U.S. Film Festival Release: Tribeca Film Festival, April
What happens when you bring four brainy and very different mathematical types to a remote location for a game-off? Sooner or later, the walls start closing in.
Such is the premise of this rollicking and sublimely preposterous film written and directed by the team of Luis Piedrahita and Rodrigo Sopeña. This is the first feature film for the duo of Spanish television writers.
Four personality types: an avowedly suicidal yet avuncular middle-aged chess whiz (Lluís Homar of Almadovar’s “La Mala Educación/Bad Education”), a cynical and dismissive inventor in his 30s; a beautiful mid-20s math student who doesn’t suffer fools; and a 25-year-old prodigy, complete with his own groupies, who’s just solved a 250-year-old conundrum – this is the group that’s invited, seemingly through their random ability to solve a cypher sent to them, to the remote country house of their host, Fermat (Federico Luppi of “El Labirinto del Fauna/Pan’s Labyrinth”) for a weekend of Mensa-level gamesmanship.
Who is Fermat and Where is His Room?
All the foursome really knows of “Fermat” is that he was a 17th-century French mathematician; indeed, each member of the group has been assigned the pseudonym of a great historical thinker or mathematician for the weekend, along with strict instructions not to reveal real names or elements of their lives to the others. The resulting identity masquerade leads to some interesting discoveries for each of the characters – and for the audience.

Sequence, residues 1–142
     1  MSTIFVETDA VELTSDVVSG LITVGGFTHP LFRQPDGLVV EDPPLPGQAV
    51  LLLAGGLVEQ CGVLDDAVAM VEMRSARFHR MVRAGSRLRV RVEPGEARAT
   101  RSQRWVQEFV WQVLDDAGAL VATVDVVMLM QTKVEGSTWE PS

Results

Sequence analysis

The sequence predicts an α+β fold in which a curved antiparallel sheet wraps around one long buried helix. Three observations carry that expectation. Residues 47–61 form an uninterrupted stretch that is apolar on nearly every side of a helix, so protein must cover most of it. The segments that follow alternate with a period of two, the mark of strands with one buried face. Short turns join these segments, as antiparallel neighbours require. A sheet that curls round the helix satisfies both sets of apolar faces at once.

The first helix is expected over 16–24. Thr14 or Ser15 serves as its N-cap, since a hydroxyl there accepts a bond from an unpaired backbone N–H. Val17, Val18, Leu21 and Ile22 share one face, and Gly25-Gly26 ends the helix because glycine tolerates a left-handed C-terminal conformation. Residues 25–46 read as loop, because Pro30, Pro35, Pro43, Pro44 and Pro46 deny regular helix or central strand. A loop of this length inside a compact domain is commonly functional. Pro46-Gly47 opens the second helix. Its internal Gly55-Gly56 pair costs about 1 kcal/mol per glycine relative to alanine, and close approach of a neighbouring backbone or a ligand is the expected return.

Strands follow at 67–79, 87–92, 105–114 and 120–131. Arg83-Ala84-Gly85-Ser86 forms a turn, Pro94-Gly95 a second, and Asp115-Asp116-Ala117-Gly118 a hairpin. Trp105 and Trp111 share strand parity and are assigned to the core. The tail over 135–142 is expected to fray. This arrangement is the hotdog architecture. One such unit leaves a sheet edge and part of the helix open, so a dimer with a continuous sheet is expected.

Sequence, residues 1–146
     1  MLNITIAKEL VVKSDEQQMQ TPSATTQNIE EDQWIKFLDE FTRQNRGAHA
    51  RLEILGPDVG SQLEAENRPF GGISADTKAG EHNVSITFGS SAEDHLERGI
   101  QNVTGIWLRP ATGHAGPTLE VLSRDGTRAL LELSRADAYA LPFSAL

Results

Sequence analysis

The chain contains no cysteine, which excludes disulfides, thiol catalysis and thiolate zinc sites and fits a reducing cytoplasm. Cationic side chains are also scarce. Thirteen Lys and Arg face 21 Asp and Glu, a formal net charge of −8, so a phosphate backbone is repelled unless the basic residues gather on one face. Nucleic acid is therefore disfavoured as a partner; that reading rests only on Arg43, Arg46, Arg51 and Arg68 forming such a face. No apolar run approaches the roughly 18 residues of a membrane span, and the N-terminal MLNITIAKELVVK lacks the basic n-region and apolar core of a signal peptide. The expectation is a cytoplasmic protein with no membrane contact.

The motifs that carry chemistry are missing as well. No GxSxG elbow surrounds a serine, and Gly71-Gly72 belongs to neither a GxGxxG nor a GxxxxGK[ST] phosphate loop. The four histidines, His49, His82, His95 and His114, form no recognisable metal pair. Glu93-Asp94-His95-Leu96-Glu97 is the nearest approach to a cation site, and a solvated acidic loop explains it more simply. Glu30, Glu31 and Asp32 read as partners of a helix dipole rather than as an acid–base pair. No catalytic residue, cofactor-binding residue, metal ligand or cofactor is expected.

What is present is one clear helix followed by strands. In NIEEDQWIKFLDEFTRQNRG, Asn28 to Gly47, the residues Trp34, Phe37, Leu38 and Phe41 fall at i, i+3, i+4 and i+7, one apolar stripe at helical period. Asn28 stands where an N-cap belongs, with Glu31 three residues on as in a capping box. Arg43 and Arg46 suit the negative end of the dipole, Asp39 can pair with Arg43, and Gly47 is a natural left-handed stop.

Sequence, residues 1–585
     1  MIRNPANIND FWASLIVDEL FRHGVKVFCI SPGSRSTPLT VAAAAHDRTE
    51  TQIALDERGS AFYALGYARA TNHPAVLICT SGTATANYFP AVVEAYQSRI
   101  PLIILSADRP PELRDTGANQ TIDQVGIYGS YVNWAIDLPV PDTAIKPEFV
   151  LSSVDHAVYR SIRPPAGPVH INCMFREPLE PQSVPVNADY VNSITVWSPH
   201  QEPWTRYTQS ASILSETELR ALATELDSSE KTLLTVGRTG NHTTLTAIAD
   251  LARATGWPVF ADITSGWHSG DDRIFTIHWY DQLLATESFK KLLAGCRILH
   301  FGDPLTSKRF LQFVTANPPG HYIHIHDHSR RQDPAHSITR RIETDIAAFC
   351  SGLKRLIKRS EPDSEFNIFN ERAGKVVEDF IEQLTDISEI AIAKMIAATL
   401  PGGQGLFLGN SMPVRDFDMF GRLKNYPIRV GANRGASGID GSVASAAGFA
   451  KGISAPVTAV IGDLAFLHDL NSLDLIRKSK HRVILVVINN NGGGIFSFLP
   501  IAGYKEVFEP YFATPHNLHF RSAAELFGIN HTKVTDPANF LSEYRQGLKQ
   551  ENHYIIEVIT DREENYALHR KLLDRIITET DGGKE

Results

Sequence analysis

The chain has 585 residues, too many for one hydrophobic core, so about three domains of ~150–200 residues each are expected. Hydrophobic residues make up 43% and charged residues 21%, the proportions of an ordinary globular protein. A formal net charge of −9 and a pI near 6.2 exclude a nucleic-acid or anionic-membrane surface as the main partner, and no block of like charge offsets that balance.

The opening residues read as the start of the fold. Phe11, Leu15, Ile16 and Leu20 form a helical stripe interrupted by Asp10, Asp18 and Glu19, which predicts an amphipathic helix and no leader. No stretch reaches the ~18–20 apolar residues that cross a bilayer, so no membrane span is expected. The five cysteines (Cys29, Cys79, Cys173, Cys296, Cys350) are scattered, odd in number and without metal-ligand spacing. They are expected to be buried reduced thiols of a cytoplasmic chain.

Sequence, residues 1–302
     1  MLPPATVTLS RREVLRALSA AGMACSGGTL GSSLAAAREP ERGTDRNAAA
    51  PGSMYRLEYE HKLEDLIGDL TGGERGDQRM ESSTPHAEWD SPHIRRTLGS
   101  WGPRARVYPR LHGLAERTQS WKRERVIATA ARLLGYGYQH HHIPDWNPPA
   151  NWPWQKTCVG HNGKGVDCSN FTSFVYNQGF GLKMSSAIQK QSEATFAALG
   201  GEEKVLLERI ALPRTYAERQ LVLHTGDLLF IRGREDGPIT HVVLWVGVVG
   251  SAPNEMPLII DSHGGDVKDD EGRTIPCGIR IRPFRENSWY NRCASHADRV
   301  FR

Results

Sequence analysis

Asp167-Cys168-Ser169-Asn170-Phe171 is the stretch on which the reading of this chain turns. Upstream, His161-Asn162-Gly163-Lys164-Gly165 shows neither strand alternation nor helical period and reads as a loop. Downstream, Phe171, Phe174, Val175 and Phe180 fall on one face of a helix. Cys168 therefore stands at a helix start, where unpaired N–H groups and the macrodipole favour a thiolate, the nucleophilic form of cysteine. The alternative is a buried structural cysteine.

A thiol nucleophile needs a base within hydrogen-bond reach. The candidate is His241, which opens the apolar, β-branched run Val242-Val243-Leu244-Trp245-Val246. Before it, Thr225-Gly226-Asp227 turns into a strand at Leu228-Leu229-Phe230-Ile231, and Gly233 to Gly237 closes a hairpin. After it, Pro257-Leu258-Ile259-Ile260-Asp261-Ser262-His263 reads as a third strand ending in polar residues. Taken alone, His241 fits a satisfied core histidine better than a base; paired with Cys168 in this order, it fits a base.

Solving For X in Fermat’s Room
The guests are required—and “required” is the operative word—to solve a series of timed, cryptic puzzles sent to them by iPhone. For example: there are three boxes, each incorrectly labeled: a box of anise balls, a box of mint balls and a box of both anise and mint balls. How many balls would you need to remove from each box in order to determine how to correctly label the boxes? You have one minute.
Viewers now have the layered thrill of trying to solve the conundrums along with the characters; of watching the ways that each character’s personality and worldview informs his or her way of solving (or not solving) the puzzle; and of tensely awaiting the results of the failure to respond correctly or in time.
Twists and Turns
Almost nothing in the movie is as it seems, and because of the strong performances, the crisp editing and the quick pacing, it’s only in the, er, “aftermath” of the film that some viewers may realize, laughingly, how ridiculous and implausible many of the elements are. The film as an experience is such a fun ride, however, that it’s impossible not to enjoy every stimulating moment.